In a fog: Scene reminiscent of scissor-cut folk art
The heavy fog that covered the Polar Plunge on Saturday created a surreal feeling of being captured in a giant low-flying cloud. It was like a white blanket was tossed over me standing on the banks of High Rock Lake.
I could feel the wetness on my face, but when I reached out to touch it, there was nothing there. I could see the fog, but it kept me from seeing anything. It hides everything downstream from me. It is like it has quietly creeped all around everything, blocking the view of the trees down the river. The houses vanished in wet air. Are we to be prisoners locked in the fog? It seems so mysterious hiding so many secrets.
Standing on the bank, I could see only the two pine trees, two benches, a flag pole and a leafless tree on the edge of the water. There was nothing beyond to be seen on this day.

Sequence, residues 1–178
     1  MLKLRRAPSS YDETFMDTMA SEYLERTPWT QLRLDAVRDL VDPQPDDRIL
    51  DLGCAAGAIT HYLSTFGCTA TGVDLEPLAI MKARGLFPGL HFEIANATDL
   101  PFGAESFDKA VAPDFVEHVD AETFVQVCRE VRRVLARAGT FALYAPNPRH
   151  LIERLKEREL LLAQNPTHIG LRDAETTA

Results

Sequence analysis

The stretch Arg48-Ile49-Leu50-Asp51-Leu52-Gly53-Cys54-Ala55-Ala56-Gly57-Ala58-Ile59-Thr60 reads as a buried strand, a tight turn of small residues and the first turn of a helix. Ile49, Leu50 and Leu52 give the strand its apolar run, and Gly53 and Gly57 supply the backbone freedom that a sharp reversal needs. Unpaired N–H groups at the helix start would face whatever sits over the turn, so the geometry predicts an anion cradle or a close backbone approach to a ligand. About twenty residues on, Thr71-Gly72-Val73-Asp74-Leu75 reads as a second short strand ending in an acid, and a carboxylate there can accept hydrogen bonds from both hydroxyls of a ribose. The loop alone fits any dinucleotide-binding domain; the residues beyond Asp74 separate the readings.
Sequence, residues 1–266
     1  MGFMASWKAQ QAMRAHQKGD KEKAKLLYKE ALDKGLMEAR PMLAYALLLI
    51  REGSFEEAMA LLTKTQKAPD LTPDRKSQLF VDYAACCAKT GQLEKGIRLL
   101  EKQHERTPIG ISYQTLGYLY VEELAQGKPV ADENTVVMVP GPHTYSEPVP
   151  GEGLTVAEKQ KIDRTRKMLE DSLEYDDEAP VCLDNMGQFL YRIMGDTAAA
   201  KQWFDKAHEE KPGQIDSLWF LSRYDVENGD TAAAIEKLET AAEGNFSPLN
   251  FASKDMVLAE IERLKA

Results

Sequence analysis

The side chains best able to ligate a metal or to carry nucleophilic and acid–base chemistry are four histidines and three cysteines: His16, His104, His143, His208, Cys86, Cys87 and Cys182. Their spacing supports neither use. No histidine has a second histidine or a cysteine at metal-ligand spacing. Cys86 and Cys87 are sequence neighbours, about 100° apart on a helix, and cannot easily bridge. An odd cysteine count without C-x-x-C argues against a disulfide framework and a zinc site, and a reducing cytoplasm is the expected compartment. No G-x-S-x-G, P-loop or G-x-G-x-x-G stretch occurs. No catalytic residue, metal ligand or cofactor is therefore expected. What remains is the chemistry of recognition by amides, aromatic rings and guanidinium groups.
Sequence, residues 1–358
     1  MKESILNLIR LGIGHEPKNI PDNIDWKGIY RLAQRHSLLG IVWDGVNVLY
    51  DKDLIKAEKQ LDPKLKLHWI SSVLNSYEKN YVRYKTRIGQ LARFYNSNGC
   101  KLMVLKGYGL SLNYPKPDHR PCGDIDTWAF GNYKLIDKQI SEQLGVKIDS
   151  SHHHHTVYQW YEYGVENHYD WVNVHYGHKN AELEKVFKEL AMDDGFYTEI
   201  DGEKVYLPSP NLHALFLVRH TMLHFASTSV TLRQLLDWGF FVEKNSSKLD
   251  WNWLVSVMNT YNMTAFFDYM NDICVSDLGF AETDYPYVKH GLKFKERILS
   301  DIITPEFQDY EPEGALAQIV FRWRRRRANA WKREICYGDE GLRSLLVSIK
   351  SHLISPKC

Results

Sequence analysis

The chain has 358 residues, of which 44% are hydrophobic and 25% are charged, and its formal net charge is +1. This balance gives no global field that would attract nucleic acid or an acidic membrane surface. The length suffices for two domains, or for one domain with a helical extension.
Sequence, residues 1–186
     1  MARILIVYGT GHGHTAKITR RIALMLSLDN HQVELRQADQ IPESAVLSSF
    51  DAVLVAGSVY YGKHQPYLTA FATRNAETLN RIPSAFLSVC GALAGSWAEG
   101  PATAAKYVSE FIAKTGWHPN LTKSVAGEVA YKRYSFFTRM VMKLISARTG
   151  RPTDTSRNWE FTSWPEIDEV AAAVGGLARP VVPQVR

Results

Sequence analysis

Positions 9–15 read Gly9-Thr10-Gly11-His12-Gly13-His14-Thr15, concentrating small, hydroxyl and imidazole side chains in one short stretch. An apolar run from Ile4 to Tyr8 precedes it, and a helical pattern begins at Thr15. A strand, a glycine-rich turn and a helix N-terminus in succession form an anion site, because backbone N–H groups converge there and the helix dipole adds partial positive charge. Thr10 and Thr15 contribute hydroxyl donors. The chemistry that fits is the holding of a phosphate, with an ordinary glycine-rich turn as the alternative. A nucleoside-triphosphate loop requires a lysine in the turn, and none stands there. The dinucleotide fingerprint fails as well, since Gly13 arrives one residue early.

Taking a photo of the scene before me presented me with a stark image of black figures against a white fog background. The silhouette reminds me of the folk art of “scissor cut” paper designs.
For me, the silhouette photo was simple, expose for the background which was bright white fog, and the figures would be black.
I made a photo that looked like the earliest paper cuttings created by the Chinese artists after they had first invented paper and learned to cut faceless designs and patterns by hand. Their art was carried across Asia to Europe where the German, the Dutch and the Swiss continued scissor cutting designs of silhouettes, valentines and love letters in paper. By the 18th century, the folk art was brought to America. The Germans called it “Sherenschnitte” meaning scissors cuts.
On this heavy foggy day, I have created, quite simply, my own “Sherenschnitte” in the camera without paper or scissors. I believe the hand-cut version requires more skill than what I did. I can only copy their work.
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